Campus radio at Princeton first began in a dorm room in 1940 and that station was called WPRU. Erik Barnouw, in his 1941 article “Radiator-Pipe Broadcasters,” characterized WPRU as “small but swanky,” and pointed out that, “Amid the severe modernity of this radio studio there is only one grotesque touch – a bed.” In a piece for the Nassau Literary Review from 1940, station founder Henry Grant Theis wrote enthusiastically about the power of radio, saying, “Radio is the modern medium of communication. In a surprisingly few years it has become the greatest molder of public opinion in the world today.” By 1955, the campus-only carrier current station was transformed into a full power commercially licensed FM station with call letters WPRB. According to WPRB, this was the “first commercial FM undergraduate radio station” in the United States. Over the years, the station has increased its power and added online streaming (in 1999). See the WPRB History website (more about that here) for details from every decade of the station’s existence.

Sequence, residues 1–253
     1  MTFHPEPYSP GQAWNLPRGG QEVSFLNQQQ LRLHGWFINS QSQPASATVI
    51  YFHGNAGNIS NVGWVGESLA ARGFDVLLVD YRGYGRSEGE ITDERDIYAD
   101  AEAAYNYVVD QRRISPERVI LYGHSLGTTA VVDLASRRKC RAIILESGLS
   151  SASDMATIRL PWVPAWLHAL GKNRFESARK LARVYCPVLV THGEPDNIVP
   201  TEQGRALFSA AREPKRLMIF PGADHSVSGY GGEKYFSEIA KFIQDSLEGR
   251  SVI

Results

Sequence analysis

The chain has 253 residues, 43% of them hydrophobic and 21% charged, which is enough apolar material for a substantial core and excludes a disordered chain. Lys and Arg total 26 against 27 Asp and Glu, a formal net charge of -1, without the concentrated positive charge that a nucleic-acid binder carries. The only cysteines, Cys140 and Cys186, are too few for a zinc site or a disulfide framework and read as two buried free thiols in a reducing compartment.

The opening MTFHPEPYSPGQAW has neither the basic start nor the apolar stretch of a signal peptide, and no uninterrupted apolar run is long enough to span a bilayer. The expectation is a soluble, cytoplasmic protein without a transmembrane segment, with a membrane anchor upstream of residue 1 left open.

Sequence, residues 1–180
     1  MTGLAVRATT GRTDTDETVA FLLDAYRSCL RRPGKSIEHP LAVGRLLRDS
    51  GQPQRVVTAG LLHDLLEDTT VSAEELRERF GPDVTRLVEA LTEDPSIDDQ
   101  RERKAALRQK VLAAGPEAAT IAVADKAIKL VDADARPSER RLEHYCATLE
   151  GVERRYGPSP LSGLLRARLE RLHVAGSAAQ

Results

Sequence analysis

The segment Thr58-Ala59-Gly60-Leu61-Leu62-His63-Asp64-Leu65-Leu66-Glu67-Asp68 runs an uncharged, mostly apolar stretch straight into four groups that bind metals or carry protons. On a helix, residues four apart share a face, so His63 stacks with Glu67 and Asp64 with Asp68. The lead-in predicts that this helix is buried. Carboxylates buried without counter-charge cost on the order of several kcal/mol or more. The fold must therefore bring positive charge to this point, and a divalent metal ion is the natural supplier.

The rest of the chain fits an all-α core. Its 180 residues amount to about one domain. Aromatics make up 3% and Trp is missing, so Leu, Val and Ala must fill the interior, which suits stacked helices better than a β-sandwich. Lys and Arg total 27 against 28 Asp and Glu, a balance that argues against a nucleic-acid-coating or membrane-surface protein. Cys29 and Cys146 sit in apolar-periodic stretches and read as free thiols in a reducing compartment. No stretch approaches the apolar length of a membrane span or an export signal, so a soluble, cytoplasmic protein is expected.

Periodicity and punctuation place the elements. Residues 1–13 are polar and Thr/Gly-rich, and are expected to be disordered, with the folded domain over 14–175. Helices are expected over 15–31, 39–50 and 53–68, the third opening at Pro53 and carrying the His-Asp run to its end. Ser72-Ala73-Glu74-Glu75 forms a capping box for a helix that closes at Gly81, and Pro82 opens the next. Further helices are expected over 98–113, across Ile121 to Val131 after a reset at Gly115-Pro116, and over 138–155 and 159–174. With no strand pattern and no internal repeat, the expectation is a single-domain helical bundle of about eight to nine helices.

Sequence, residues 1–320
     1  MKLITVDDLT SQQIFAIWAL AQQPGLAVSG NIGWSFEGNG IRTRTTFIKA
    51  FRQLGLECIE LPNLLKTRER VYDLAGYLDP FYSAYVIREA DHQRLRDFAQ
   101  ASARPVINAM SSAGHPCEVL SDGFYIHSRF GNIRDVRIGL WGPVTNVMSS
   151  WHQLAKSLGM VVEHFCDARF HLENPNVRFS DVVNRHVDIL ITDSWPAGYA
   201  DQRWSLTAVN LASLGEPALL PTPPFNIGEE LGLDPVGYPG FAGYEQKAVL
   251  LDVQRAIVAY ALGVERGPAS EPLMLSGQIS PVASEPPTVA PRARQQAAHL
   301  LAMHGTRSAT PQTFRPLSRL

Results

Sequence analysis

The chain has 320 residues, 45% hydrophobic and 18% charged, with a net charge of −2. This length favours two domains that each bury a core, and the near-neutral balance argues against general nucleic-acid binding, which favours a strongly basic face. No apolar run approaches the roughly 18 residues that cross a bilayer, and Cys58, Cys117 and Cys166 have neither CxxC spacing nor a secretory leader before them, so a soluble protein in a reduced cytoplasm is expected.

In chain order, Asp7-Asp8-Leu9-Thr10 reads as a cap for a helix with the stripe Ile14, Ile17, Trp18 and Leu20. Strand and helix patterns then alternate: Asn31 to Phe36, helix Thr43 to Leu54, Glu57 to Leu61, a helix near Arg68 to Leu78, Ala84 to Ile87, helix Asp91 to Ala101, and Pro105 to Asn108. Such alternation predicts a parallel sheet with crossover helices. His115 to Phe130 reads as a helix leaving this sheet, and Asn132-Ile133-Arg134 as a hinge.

After perusing the exhibit, we took a lunch break to see the town of Princeton and even got to pop in at the local record shop, Princeton Record Exchange, a regular haunt for WPRB staffers. As the afternoon approached, we headed over to WPRB.
Located in a dorm basement, WPRB occupies a healthy sized space, with room for several offices (including Lupica’s and a music office), the on-air studio, a hallway-like record library, production studios, a live music space, engineering room, and business office with cubicles, a conference table, and storage for promotional items like T-shirts and stickers.
WPRB is an interesting station as far as its governance, as it is a student-run college radio station whose license is held by an outside non-profit. Additionally, it’s one of a handful of FM college radio stations with a commercial license (others that I’ve visited include University of Illinois-related WPGU and Harvard’s WHRB).
WPRB boasts an impressive signal of 14,000 watts at 103.3 FM, reaching a potential terrestrial audience of millions of listeners in New Jersey, Pennsylvania and Delaware. Although the station is student-run, it also welcomes non-student DJs. Overall, WPRB’s format is quite varied, with classical music in the mornings and a wide array of genres throughout the day.